A young neurosurgeon inherits the castle of his grandfather, the famous Dr. Victor von Frankenstein. In the castle he finds a funny hunchback called Igor, a pretty lab assistant named Inga and the old housekeeper, frau Blucher -iiiiihhh!-. Young Frankenstein believes that the work of his grandfather is only crap, but when he discovers the book where the mad doctor described his reanimation experiment, he suddenly changes his mind...
Directed by: Mel Brooks
. Starring: Gene Wilder
, Peter Boyle
, Marty Feldman
, Madeline Kahn
, Cloris Leachman
, Teri Garr
, Kenneth Mars
, Richard Haydn
, Liam Dunn
, Danny Goldman
, Oscar Beregi Jr.
, Arthur Malet
, Richard Roth
. Music by: John Morris
"Young Frankenstein" isn't just funny, it's a masterpiece that transcends every standard of comedy with such brilliance and grace that calling it a parody or a spoof is almost insulting.
After watching "Young Frankenstein", I discovered that it was only nominated for 2 Oscars: Best Sound and Best Original Screenplay (co-written with Mel Brooks from Gene Wilder's original draft). Had the movie been nominated for other awards, it wouldn't have surprised me: the photography is top notch and perfectly renders the feeling of old 30's horror classics, the black and white cinematography perfectly conveys the haunting shadowy atmosphere of the original "Frankenstein", the score is perfect for the story, Mel Brooks' directing never seemed so tactful and professional and I can think of any of the main cast deserving a nod for the acting. I guess that the film being released the same year than "Chinatown" or "The Godfather Part II" didn't help; Mel Brooks wasn't the only one at the top of his game.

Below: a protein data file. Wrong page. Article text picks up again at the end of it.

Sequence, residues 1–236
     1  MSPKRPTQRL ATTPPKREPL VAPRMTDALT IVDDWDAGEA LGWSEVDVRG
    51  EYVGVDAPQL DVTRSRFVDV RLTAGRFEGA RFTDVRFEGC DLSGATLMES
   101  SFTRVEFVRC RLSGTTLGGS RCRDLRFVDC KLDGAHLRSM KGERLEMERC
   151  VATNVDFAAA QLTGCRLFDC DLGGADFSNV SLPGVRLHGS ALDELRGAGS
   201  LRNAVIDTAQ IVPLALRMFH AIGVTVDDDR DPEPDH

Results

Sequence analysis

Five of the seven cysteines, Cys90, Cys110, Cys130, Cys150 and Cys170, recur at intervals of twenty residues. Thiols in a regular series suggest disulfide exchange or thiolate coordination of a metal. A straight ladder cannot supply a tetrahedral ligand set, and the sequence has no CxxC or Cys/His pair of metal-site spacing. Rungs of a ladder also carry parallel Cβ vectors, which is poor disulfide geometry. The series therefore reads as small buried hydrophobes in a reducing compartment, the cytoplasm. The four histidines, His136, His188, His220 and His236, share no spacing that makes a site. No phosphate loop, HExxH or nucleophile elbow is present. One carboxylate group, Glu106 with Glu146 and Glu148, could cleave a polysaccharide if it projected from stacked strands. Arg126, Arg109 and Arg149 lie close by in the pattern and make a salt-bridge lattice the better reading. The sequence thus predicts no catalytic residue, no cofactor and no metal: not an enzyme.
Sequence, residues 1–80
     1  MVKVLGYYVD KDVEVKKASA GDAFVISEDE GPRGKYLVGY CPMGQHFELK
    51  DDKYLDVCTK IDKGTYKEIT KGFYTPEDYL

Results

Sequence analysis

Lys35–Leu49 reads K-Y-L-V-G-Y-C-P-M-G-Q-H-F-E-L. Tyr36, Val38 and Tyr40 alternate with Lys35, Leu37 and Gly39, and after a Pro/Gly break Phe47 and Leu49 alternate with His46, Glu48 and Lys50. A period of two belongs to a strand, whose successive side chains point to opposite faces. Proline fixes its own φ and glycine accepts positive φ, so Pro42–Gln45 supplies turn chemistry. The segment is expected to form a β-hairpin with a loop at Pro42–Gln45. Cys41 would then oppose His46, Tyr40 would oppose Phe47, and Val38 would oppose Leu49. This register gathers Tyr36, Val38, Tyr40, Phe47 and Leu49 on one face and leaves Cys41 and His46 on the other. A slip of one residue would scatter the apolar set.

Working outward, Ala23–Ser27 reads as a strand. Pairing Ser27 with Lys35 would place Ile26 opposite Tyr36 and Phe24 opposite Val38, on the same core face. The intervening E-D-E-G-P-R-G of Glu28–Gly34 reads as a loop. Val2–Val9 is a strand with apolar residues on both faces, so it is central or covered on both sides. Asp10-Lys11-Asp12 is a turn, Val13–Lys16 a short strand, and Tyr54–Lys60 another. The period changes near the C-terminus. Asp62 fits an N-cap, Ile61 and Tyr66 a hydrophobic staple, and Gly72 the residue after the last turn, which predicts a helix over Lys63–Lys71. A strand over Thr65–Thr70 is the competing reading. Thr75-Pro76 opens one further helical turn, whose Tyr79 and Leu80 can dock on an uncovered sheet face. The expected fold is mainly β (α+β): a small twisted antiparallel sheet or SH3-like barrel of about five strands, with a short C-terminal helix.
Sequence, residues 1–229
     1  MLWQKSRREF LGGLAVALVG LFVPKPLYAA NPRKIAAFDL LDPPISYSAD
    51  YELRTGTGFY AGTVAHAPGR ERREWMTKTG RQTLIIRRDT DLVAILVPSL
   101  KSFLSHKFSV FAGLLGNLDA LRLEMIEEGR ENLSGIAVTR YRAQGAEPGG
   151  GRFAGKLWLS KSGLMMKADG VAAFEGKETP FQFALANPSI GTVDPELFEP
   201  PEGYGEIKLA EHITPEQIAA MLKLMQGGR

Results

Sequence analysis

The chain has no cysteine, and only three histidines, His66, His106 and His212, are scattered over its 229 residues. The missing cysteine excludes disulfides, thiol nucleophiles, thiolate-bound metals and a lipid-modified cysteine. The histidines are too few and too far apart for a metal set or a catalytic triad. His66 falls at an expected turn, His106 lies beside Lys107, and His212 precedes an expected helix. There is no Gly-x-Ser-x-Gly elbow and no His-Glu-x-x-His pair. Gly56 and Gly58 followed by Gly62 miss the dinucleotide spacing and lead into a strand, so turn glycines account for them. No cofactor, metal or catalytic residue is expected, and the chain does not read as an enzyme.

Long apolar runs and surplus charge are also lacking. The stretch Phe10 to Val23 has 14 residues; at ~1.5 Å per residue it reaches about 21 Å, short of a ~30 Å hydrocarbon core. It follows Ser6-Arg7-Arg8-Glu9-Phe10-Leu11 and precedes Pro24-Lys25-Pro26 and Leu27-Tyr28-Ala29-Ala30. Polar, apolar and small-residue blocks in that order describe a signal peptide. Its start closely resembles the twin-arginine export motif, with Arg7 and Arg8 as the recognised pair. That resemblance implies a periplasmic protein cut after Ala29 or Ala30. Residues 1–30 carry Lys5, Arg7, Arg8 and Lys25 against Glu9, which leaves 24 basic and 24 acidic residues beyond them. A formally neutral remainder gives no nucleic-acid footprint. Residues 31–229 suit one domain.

But let's get back to "Young Frankenstein". Besides being an undeniable technical achievement, the film is an excellent comedy that contains some of the most hilarious lines and moments in cinematic history and certainly the greatest comedic cast ever (thunders' sound effects to emphasize). Indeed, each actor, each actress occupies the screen with a unique magnetism, starting by Gene Wilder, the one with whom it all started. As Wilder said, he wondered how he would act if he was the descendant of the infamous Baron Viktor von Frankenstein, the answer couldn't have been more intelligent and hilarious. The Professor is so ashamed of his affiliation that he wants his name to be pronounced 'Fron-kon-steene', but this attitude reflects an interesting contradiction as he finally realizes he can't escape his destiny and must go to Transylvania to accomplish the same miracle than his glorious ancestor. After a decent start, Mel Brooks 'elevates' the film.